It can be helpful to have someone else in the room with you to take notes. My mom went through cancer during the pandemic, and while we weren’t allowed in the room, my sister and I Facetimed into her appointments to record everything. 

Many doctor’s offices have since lifted this restriction. If you don’t have trusted individuals nearby to accompany you, some offices have assistants or chaperones on staff who can. There are also professional patient advocates who will take notes during your appointment and send them to you. There is a lot of support available if you look. 

Double Check With Your Health Insurance

If you have health insurance, check your coverage before doing anything. 

I know insurance is intense, but if you have surgery and the anesthesiologist is out-of-network, you could get a $10,000 bill. You might think someone is monitoring your care to prevent this, but they are not. 

The same thing goes for bloodwork and using labs. Ask, “Where are you sending my bloodwork? I want to check if they take my insurance.” 

These are all boundary issues because if you do not take care of these things, A) you do not receive the care you want and need, and B) you might spend lots of money on otherwise avoidable bills. 

If you want strategies and conversational boundaries for going to doctor’s appointments in an empowered way, make sure to download the guide. It also has a couple of ideas on how to strengthen your internal boundaries when it comes to interacting with your healthcare professionals. 

I hope this was helpful. If it was, please share it with the people in your world. I want you to be empowered in all areas of your life, and physical wellness is one of those areas. 

If you have other tips to share from your experiences, leave a comment below or let me know on Instagram (@terricole). I hope you have an amazing week and as always, take care of you.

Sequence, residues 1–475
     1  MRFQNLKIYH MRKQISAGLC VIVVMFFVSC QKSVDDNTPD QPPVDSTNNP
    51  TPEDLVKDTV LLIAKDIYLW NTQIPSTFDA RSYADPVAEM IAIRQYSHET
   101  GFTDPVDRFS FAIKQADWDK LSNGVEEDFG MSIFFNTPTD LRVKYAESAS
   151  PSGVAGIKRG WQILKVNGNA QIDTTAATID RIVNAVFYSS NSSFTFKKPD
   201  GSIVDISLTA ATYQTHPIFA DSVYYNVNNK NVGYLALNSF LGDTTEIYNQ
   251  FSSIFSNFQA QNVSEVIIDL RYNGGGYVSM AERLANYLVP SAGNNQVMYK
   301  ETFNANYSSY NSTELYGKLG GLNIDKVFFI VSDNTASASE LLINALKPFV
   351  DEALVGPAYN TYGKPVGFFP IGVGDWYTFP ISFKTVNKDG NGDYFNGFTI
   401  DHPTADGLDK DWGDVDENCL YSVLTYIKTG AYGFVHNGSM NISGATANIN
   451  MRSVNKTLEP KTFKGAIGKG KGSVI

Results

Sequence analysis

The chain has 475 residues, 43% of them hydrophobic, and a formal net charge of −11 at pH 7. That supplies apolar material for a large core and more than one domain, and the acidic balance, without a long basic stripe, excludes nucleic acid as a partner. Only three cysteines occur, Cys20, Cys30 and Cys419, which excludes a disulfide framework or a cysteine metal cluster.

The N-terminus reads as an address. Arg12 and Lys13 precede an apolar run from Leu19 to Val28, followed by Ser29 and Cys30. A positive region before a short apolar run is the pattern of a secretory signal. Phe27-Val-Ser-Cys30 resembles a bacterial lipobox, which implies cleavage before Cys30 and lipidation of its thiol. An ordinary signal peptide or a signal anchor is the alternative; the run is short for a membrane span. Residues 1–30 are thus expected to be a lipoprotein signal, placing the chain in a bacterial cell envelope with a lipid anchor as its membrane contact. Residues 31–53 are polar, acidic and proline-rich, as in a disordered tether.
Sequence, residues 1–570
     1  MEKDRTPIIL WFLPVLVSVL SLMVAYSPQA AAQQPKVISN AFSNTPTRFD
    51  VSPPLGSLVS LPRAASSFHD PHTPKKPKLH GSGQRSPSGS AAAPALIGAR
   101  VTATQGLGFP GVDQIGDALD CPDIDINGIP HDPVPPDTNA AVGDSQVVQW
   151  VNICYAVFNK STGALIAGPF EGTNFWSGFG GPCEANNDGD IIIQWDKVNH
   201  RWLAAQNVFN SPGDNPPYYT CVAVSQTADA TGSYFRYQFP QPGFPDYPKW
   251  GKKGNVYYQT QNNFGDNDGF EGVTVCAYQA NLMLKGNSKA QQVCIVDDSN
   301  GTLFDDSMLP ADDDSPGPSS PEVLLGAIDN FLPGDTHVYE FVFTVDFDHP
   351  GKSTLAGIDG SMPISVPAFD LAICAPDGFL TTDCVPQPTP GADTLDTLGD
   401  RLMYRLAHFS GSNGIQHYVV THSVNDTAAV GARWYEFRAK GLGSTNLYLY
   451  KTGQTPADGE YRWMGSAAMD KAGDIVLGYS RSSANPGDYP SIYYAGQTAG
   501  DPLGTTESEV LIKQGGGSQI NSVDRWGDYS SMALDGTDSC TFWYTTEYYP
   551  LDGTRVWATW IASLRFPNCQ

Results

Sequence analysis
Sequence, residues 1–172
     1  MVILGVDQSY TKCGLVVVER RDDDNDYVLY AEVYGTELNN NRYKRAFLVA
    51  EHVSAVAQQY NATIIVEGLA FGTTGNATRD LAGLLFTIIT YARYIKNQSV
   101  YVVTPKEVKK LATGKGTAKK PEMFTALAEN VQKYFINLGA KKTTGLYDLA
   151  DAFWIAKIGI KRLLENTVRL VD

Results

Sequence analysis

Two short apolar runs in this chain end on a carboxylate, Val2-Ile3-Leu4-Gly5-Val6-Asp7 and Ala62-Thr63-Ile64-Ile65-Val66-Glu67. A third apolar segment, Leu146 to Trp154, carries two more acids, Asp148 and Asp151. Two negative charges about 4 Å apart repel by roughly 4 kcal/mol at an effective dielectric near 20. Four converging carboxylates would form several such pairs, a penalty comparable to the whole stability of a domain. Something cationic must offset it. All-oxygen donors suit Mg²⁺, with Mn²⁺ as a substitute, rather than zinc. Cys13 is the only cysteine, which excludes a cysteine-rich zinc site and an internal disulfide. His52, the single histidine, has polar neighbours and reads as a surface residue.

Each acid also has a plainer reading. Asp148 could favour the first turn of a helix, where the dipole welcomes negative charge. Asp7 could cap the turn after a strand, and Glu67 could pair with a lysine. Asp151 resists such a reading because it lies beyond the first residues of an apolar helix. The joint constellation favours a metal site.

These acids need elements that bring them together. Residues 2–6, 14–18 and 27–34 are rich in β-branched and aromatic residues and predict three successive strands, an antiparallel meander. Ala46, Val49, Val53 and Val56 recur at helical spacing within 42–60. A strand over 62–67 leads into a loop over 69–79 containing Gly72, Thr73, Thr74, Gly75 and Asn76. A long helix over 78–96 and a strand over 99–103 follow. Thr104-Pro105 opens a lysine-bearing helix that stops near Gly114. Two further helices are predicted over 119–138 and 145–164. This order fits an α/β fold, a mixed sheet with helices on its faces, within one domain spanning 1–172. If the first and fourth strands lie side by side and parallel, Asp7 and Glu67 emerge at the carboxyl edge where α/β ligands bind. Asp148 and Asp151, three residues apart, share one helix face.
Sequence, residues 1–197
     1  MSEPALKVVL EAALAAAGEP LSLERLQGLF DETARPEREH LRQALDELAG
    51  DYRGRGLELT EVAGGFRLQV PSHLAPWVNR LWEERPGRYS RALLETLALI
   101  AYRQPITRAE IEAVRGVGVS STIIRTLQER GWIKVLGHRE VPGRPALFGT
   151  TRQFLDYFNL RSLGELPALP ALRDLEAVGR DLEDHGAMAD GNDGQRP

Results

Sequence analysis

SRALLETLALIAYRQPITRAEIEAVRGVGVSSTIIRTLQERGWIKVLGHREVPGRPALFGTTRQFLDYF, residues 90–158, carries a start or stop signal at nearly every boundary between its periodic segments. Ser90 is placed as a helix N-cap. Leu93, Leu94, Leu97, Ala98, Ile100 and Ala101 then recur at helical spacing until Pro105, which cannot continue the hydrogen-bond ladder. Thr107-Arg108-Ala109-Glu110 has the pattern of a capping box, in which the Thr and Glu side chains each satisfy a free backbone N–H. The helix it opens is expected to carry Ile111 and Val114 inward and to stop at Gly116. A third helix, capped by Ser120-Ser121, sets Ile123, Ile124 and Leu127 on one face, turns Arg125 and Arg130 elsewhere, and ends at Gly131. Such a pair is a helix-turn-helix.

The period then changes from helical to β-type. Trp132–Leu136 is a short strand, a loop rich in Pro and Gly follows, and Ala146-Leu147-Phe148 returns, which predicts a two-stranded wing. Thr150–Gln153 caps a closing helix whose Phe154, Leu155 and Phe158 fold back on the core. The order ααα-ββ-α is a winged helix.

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  1. Thanks for the reinforcement, Terri! My husband had a fall and went to the er to Id any causes and effects. Although they only found normal results from all the tests, his blood pressure had dropped at home. They told us to follow up with his primary care provider. When I called they offered the next appt in a month. I explained the situation and the dr was a provider at the er hospital but they rudely would not arrange an earlier appointment for a med check. He had been on a med to lower his bp but we did not want to abruptly stop it. I even contacted his staff and they also stonewalled us. We were able instead to secure an appt with his cardiologist who worked us in 2 days after the er visit. They reluctantly took him off the med and did some other tests and said we still should contact the pcp who prescribed it. We finally got in after the month had passed and when I confronted him with his office issue, hoping it was a staff problem, he said he was just booked and that we don’t always get what we want. I said, “That was cold”. And we left, never to return. I had a problem since my husband was for cutting him slack but he finally relented and we changed to a Dr I had and liked. It caused a rift between my husband and me, but I stood my ground and refused to go with him if he returned. He finally went to my dr and is satisfied with him. Bottom line…I had to fight the staff, the dr, and my husband, but I know I was right. Thank you and sorry for the long story, but you have made me feel validated!!

  2. Great advice! I had a real JERK of a kidney doctor and a robotic resident/fellow who acted like a zombie whenever she did my intake. He is at UVA, a TEACHING hospital, and just a fat uncaring slob. He insisted I go on dialysis, I said, "I don't think so," and I found another doctor at Sentara Martha Jefferson who came into the appointment not only having read my entire, 2-inch thick file, but who explained that I DID NOT have kidney disease, but a kidney injury and would never need dialysis because the thing that caused the injury no longer existed (sepsis). He not only took the time to review all the other opinions but to give me hope and explain what was happening. Had I listened to the original JERK I'd be attached to a dialysis machine 3-4 times a week. ALWAYS go in prepared as this is why doctors are the leading cause of death in the US. They don't know all they think they know. Good and great doctors ARE out there, but you have to look, you have to NOT believe they are gods (they're NOT), and you have to have good boundaries. I now record all my appointments, and I always get a second opinion outside their practice.